Public Libraries across the country are starting to respond to the size and diversity of the nation’s growing older adult population. They are experimenting with new approaches to serving Boomers and other generations of active older adults, offering job counseling services, health education, housing information, match-ups for community volunteering, financial planning advice and classes in PhotoShop and social media.
Creative Aging programs, or arts education for older adults, are one of the most promising indications of the trend towards “50+ Library Services”. Taught by trained artist-educators, Creative Aging programs reflect new research on older adults that offers evidence for the benefits of skills development and social engagement. Older adults who participate in structured, sequential arts education with peers have lower rates of illness and show fewer signs of the cognitive declines that can occur through social isolation. The also reflect the positive benefits of the sense of accomplishment that comes through creative expression.
Where are Creative Aging Programs taking place? What disciplines are offered? How do the programs work and how are they funded?
The answers to these questions will vary, depending on the program model adopted by a library or library system. the artist-educator selected by a library, the interests and needs of the local community, and the availability of local or national funding to cover artist’s fees and supplies.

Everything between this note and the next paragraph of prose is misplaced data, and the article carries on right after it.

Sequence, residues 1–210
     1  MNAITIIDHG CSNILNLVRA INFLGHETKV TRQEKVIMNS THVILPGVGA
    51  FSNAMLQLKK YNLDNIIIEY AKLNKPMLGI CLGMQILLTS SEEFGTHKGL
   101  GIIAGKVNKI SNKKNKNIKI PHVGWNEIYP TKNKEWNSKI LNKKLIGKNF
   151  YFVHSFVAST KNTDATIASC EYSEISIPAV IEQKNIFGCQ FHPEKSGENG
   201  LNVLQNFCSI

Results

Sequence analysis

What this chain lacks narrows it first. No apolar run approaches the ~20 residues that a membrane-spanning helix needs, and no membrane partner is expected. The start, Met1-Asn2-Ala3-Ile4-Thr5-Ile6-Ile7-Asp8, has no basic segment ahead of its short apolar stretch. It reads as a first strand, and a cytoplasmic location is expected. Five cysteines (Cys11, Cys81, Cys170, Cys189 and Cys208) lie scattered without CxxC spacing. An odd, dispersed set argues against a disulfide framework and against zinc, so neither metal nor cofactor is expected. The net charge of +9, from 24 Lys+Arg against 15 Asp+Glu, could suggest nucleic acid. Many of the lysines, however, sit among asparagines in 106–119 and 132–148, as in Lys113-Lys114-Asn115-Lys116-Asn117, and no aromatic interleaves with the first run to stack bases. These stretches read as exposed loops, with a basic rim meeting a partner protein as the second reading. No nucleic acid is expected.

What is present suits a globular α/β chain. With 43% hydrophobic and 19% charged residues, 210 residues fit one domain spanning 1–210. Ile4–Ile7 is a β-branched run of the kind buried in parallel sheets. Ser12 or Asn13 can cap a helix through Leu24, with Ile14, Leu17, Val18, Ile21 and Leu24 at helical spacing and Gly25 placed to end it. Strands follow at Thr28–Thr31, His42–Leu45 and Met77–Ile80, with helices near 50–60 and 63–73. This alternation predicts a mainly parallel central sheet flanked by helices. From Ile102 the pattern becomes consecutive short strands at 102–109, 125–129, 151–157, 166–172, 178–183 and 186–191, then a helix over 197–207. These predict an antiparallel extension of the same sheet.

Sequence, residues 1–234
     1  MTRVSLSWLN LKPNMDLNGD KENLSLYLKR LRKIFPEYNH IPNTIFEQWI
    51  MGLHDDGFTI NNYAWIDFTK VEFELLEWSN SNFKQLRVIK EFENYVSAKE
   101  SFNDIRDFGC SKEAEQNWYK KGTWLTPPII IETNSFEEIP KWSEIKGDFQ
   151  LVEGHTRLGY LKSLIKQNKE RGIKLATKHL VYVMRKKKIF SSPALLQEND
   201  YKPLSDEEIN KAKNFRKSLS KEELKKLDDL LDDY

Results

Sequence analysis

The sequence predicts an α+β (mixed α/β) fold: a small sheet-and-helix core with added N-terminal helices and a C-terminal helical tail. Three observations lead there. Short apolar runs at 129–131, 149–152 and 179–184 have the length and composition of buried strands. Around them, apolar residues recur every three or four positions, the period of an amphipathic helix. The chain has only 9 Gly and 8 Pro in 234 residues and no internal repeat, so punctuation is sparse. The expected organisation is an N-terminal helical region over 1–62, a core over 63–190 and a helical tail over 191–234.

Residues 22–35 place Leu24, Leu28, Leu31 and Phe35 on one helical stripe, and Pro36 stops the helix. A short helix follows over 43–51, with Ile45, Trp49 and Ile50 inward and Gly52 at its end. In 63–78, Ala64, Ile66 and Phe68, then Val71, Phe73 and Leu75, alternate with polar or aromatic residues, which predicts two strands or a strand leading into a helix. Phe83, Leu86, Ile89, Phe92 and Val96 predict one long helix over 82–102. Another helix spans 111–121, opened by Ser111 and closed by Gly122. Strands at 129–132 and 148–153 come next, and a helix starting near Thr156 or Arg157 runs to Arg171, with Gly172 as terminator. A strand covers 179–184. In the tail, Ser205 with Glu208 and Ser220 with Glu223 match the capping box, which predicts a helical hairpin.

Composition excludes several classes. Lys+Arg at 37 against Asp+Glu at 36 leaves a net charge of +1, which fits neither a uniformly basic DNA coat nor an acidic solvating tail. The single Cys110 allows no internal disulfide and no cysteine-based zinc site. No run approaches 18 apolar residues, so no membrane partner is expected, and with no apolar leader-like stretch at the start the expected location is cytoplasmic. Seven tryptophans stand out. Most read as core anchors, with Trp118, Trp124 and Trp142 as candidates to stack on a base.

The most prominent of the current library-based Creative Aging Programs are being carried out under the aegis of Lifetime Arts, a national non-profit organization that encourages positive aging by promoting the inclusion of professional arts programs in organizations that serve older adults, including public libraries. The Lifetime Arts program model involves 6 or 8-part series of classes in one of a number of disciplines, including dance, music, drawing, painting and writing. Classes are designed to promote meaningful skills development so that participants gain a sense of mastery and accomplishment. The teaching artists are also trained to encourage social interaction among class members. To date, program costs have been covered by national or local foundations, IMLS, and library Friends groups.
Lifetime Arts started working with libraries through an initial partnership with the Westchester (NY) Library System. With funding from private foundations the work was then expanded to New York Public Library and then to Brooklyn Public Library. Currently, with IMLS funding, Lifetime Arts is collaborating with seven library system partners across New York State to carry out the Creative Aging in New York Libraries Project. In addition, through funding from Metlife Foundation and other national funders Lifetime Arts has started to expand to libraries nationwide. During 2012-2013 arts education programs are being offered at local libraries in Boston, Houston, Brooklyn and Miami-Dade Library (FL).